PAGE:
The iterations featured in JEAN PROUVÉ: Architect for Better Days – including the small series of portable homes Prouvé produced in the late 1930s, prefabricated pressed steel and wood military barracks, temporary accommodations for refugees, and his final demountable prototype created for Ferembal, an industrial packing company near Nancy (1948)– each attest to the development and modification of the structures designed by Prouvé according to the demands of their time.

As he adapted his prefabricated systems to both civilian and military use, Prouvé was praised during the Second World War for his audacious designs, innovative construction techniques, economic yet quality use of materials, and combination of scientific and humanist design principles. Following his support of the French Resistance during the war, Prouvé was appointed interim mayor of Nancy in 1944, and later honored by the Ministry of Reconstruction and Urbanism for his contributions to reconstruction efforts (1947).

After relocating his workshop to Maxéville, in the outskirts of Nancy in 1947, Prouvé undertook his most concerted efforts to produce prefabricated housing units on a mass scale. Still Prouvé remained committed to meeting the needs of different segments of society after the war, especially to the improvement of housing, schools, and other domestic infrastructure. The simple harmony and structural core of Prouvé’s “La Maison Les Jours Meilleurs” (1956), commissioned by Emmaeus founder Abbé Pierre, perhaps best exemplifies Prouvé’s lifelong commitment to the application of industrialized architecture to social need.,

Though Prouvé aimed to produce houses on the scale of Citroën’s production of cars, the vast majority of his prefabricated building prototypes were never widely adopted during his lifetime. Nevertheless, the exhibition testifies to the abiding power of Prouvé’s architectural systems among subsequent generations of architects.

The exhibition will be accompanied by a survey publication produced by the LUMA Foundation in collaboration with Phaidon Press. The book features two newly commissioned essays by architect, critic, theorist and Dean Emeritus of Columbia University’s Graduate School of Architecture, Planning and Preservation, Prof. Mark Wigley, and Philippe Trétiack, a Paris-based architecture critic and author, and includes a wealth of historical and archival material on the twelve constructions exhibited at LUMA Arles, and Prouvé’s oeuvre in general.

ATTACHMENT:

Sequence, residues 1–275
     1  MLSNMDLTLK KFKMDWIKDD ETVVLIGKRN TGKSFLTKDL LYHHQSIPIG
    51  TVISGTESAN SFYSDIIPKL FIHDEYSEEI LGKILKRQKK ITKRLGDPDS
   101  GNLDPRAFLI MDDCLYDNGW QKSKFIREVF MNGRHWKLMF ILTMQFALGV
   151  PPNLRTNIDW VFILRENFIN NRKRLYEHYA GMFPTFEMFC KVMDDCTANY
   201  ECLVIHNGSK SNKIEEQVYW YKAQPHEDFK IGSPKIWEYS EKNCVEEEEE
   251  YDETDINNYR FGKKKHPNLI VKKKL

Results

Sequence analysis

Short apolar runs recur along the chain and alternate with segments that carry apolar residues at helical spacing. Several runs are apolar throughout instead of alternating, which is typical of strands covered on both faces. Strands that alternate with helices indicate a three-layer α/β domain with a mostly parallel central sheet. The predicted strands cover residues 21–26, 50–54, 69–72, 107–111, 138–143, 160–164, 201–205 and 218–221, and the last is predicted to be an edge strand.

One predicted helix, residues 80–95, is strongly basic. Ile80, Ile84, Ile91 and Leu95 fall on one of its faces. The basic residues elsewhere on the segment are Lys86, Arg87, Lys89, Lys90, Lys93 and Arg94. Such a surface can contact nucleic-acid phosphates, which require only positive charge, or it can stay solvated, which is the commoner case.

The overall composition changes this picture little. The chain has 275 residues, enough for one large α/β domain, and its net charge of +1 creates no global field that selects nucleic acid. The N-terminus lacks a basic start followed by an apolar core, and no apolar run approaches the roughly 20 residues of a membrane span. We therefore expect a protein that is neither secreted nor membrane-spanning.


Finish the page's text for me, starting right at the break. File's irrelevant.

Educational activities for middle-school, high-school and university students will be held in tandem with the exhibition. More information will be released on our website
Post Otto Wagner. Von der Postsparkasse zur Postmoderne / From the Postal Savings Bank to Post-Modernism, Vienna [Wien], MAK, 30 may / 30 september 2018
Foster + Partners: Sustainable Communities | Shared Futures, Beijing, Tsinghua University Art Museum, 24 july / 7 october 2018
Tra paesaggi e storia. Wright e l'architettura organica allo Iuav, Venezia, Iuav, 26 june / 9 october 2018
La linea organica a nord-est, Venezia, Iuav, Tolentini, Gallerie del Rettorato
American Journey 1949-50 / Bruno Morassutti, Venezia, Iuav, Tolentini, Aula Magna
Ron Arad: Yes to the Uncommon!, Weil-am-Rhein (Germany), Vitra Schaudepot, 8 june / 14 october 2018
Meili, Peter, Berlin, Architektur Galerie Berlin, 7 september / 20 october 2018
Escher’s journey, Leeuwarden (Netherlands), Fries Museum, 28 april / 28 october 2018
Angelo Mangiarotti: Skilful Reflections, Paris, RBC Mobilier, 4 september / 23 november 2018
Renzo Piano. Progetti d'acqua, Venezia, Fondazione Emilio e Annabianca Vedova, Magazzini del Sale, 24 may / 25 november 2018Renzo Piano. Progetti d'acqua, Venezia, Magazzino del Sale
The Art of Making Building, London, Royal Academy of Arts, 15 september 2018 / 20 january 2019
Koloman Moser: Universal Artist between Gustav Klimt and Josef Hoffmann, Vienna [Wien], Mak Exhibition Hall, MAK, 19 december 2018 / 22 april 2019
Contacts    Copyright © 2004 - 2018 MONOSTUDIO | ARCHITECTOUR.NET
| Disclaimer | Conditions of use | Credits |